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Curr Biol. 2010 Jan 26;20(2):143-8. doi: 10.1016/j.cub.2009.11.022. Epub 2010 Jan 7.

Chaperone-assisted selective autophagy is essential for muscle maintenance.

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1
Institute for Cell Biology and Bonner Forum Biomedizin, University of Bonn, Ulrich-Haberland-Strasse 61a, D-53121 Bonn, Germany.

Abstract

How are biological structures maintained in a cellular environment that constantly threatens protein integrity? Here we elucidate proteostasis mechanisms affecting the Z disk, a protein assembly essential for actin anchoring in striated muscles, which is subjected to mechanical, thermal, and oxidative stress during contraction [1]. Based on the characterization of the Drosophila melanogaster cochaperone Starvin (Stv), we define a conserved chaperone machinery required for Z disk maintenance. Instead of keeping Z disk proteins in a folded conformation, this machinery facilitates the degradation of damaged components, such as filamin, through chaperone-assisted selective autophagy (CASA). Stv and its mammalian ortholog BAG-3 coordinate the activity of Hsc70 and the small heat shock protein HspB8 during disposal that is initiated by the chaperone-associated ubiquitin ligase CHIP and the autophagic ubiquitin adaptor p62. CASA is thus distinct from chaperone-mediated autophagy, previously shown to facilitate the ubiquitin-independent, direct translocation of a client across the lysosomal membrane [2]. Impaired CASA results in Z disk disintegration and progressive muscle weakness in flies, mice, and men. Our findings reveal the importance of chaperone-assisted degradation for the preservation of cellular structures and identify muscle as a tissue that highly relies on an intact proteostasis network, thereby shedding light on diverse myopathies and aging.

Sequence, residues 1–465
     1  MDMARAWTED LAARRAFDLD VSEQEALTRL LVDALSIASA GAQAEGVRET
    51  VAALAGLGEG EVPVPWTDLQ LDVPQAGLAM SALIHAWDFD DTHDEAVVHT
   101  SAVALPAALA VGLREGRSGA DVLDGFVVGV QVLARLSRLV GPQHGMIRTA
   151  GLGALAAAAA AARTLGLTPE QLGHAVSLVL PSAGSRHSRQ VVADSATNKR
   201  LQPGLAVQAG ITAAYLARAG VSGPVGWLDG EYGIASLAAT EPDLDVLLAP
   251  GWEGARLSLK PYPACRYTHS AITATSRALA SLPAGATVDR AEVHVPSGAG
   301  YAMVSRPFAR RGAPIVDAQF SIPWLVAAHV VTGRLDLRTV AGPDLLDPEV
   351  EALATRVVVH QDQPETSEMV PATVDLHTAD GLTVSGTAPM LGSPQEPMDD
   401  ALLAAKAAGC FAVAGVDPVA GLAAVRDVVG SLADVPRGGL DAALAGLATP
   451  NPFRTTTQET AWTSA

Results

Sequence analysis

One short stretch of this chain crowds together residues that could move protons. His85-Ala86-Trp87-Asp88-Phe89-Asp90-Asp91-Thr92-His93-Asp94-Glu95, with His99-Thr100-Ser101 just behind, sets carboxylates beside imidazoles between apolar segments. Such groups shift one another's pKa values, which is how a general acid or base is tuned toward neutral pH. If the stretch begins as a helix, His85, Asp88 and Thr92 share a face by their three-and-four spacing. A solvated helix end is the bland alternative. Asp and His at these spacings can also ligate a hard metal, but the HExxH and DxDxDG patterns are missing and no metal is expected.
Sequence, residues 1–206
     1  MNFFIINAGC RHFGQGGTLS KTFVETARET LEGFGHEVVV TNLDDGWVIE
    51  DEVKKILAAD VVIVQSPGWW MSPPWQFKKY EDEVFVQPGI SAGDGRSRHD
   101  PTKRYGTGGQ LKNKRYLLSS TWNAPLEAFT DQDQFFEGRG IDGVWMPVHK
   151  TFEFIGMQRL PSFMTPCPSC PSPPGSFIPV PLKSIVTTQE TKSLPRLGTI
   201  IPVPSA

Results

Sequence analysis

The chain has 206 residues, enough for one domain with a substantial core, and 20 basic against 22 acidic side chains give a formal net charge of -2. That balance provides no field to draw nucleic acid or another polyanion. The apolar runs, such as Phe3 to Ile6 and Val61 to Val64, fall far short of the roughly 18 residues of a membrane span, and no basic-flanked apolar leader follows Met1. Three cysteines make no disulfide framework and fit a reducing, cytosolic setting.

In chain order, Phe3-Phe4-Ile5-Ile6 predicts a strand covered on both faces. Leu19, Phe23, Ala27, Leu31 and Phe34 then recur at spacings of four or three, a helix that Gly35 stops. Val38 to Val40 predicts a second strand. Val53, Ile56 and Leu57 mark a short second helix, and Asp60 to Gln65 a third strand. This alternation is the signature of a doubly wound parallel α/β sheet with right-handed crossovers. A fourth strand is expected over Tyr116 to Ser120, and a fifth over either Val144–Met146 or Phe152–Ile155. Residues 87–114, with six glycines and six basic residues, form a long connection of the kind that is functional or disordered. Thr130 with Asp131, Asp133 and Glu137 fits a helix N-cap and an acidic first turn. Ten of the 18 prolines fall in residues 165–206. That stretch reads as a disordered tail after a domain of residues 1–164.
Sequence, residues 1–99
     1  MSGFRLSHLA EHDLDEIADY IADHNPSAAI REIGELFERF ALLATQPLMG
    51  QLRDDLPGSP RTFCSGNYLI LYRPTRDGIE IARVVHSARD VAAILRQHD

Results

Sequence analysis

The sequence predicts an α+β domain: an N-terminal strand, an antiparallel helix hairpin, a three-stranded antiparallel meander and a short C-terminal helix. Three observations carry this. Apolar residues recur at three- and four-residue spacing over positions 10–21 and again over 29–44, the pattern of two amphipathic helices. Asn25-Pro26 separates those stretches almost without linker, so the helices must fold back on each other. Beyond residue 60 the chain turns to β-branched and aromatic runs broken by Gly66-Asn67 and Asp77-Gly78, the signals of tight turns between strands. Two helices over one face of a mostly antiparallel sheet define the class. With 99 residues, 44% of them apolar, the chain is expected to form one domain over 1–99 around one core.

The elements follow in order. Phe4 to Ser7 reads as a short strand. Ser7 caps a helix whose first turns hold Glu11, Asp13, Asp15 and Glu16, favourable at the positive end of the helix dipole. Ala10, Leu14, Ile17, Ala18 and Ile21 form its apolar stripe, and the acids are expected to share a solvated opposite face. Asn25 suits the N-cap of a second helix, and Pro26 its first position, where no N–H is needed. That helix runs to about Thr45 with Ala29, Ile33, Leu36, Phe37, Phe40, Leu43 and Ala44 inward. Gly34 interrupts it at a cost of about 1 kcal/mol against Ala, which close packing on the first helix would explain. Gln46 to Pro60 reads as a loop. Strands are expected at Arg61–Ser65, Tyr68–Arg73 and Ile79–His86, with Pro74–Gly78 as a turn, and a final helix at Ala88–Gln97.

PMID:
20060297
DOI:
10.1016/j.cub.2009.11.022
[Indexed for MEDLINE]
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